Sustainability | Ecotrope

Reusable bags: Only superior to plastic if you reuse them - a lot

Ecotrope | Feb. 28, 2011 8:03 a.m. | Updated: Feb. 19, 2013 1:40 p.m.

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Ongoing research on the lifecycle impacts of reusable bags suggests you have to reuse a canvas bag a lot – try 171 times – break even with the overall environmental impact of a plastic bag.

Ongoing research on the lifecycle impacts of reusable bags suggests you have to reuse a canvas bag a lot – try 171 times – break even with the overall environmental impact of a plastic bag.

The Senate Environment and Natural Resources Committee is taking up the statewide plastic bag ban bill in a work session tomorrow.

Meanwhile, PolitiFact has confirmed that a figure cited in a hearing on the bill – that plastic bags make up 12 percent of the trash collected from Oregon beaches – is mostly true (not by volume, but item for item).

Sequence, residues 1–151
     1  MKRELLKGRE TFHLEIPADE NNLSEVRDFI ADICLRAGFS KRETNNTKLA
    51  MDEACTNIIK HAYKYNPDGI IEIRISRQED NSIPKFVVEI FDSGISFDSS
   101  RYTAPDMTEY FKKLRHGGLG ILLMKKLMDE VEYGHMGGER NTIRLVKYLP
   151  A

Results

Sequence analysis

And this post on TreeHugger captured my interest today. It discusses reports on unpublished government research from the UK that has found plastic bags are 200 times less damaging to the climate than reusable cotton bags. The study – which incorporates the impact of raw material extraction, bag production, transportation and disposal – zeroes in on how many times reusable bags are actually reused. For example, a cotton bag would need to reused every day for a year before it offset the environmental impact of one plastic bag. A canvas tote bag? 171 reuses to break even.

TreeHugger has a helpful guide to the environmental impacts of different kinds of reusable bags (canvas, polyester, polypropylene…) with this final word:

“What ultimately matters is if you actually use your reusable bags, or if you collect them dutifully from vendors and at conferences but then forget them at home every time you go to the store. If you can commit to using your canvas bag 171 times, or something like a Chicobag eleven times or more, then you have made a good decision. If you can’t commit to this, chose plastic over paper bags, reuse the bags at the store, repurpose them as trash can liners, and recycle the rest at your local grocery store.”

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